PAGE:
But: For some people, including children, yelling doesn't work. Some people respond better, or more swiftly, to a calmer approach, or to physical punishment; I imagine that the latter rationalization has been part of why billions of parents over the course of humanity have exhausted their voices and resorted to spanking children, thinking that this, this was the only way to help a lesson sink in for good.

And for some people, people of strong enough will, there is no external punishment that can change behavior. Tirades, even those richest in "fuckin' bullshit"-style vitriol, will inevitably roll off some backs, resulting in eye rolls rather than changes in comportment.

We don't think of spanking and corporal punishment for children much, but the majority of Americans still consider it acceptable. I think the majority of Americans and Florida fans will think that McElwain losing his cool — or, if you're a more cynical sort, putting on a show of losing his cool as part of the role of Angry Football Coach — is acceptable.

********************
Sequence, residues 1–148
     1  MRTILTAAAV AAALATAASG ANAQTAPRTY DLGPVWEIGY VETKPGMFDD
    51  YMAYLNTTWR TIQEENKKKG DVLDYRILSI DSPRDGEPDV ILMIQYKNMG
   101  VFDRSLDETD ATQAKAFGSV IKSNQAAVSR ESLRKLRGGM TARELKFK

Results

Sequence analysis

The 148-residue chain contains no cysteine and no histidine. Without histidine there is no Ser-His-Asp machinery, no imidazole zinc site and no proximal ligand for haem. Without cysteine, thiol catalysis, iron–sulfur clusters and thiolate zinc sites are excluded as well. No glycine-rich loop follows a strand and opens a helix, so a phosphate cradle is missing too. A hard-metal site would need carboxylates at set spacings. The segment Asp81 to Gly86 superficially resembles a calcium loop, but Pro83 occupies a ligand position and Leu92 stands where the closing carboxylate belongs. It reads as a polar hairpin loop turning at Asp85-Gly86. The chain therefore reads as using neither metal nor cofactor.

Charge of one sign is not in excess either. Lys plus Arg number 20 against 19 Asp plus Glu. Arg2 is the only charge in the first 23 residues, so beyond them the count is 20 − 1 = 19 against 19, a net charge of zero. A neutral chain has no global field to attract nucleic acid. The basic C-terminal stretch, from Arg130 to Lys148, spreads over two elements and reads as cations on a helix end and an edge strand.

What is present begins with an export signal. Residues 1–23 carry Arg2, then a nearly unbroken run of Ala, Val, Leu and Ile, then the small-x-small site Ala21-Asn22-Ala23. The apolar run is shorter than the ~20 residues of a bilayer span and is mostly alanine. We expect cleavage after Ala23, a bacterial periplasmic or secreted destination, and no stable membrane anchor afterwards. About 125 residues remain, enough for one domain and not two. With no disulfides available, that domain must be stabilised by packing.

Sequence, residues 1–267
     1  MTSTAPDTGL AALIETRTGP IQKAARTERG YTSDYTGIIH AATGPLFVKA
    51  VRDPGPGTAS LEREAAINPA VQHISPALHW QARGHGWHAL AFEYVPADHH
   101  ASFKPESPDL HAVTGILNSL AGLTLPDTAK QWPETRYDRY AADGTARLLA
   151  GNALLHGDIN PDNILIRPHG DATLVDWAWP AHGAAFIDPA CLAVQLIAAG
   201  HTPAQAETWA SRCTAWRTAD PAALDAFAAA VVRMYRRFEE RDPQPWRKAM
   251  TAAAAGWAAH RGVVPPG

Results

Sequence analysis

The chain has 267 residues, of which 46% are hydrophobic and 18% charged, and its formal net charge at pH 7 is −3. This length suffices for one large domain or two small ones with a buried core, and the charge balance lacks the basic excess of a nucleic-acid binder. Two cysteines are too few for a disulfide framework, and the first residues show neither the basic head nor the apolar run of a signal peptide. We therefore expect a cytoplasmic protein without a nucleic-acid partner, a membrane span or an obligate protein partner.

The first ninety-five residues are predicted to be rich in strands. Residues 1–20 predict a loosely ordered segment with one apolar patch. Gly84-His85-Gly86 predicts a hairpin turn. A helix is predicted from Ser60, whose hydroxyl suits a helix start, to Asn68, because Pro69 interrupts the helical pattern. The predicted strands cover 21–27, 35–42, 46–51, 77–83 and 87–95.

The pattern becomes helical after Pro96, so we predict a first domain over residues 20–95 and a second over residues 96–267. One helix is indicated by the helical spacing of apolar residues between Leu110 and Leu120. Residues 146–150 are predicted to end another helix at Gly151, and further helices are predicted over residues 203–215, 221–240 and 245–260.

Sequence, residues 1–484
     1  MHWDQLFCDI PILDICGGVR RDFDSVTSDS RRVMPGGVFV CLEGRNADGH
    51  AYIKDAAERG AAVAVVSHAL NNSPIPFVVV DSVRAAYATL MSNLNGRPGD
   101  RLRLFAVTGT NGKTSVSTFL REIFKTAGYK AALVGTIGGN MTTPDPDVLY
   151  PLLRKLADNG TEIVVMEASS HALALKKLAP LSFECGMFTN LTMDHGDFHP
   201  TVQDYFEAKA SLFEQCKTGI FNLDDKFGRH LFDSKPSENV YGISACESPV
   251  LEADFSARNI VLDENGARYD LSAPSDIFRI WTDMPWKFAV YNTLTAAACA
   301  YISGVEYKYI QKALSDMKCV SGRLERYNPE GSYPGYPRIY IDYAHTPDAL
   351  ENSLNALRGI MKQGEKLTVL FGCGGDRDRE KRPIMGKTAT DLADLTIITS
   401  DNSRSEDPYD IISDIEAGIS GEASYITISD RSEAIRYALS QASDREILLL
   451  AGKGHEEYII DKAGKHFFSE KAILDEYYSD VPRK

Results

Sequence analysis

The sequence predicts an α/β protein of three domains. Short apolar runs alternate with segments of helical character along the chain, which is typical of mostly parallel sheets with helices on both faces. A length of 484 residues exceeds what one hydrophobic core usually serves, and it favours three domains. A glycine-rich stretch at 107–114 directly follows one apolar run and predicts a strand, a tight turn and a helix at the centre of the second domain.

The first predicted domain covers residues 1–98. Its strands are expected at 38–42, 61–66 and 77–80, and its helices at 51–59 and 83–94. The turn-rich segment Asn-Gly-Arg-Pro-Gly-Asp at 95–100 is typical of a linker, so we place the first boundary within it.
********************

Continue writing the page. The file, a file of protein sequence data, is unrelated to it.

That doesn't mean you or I or anyone else has to think the same, though.

Part of the reason I don't? I'm inclined to think McElwain blistering Taylor and the "embarrassing" Gators on Saturday night won't do much: As he noted in his press conference, Florida has been "the most penalized team in the country" over the last 10 years, a span that includes two national titles and a Sugar Bowl berth under two coaches with wildly different approaches to discipline.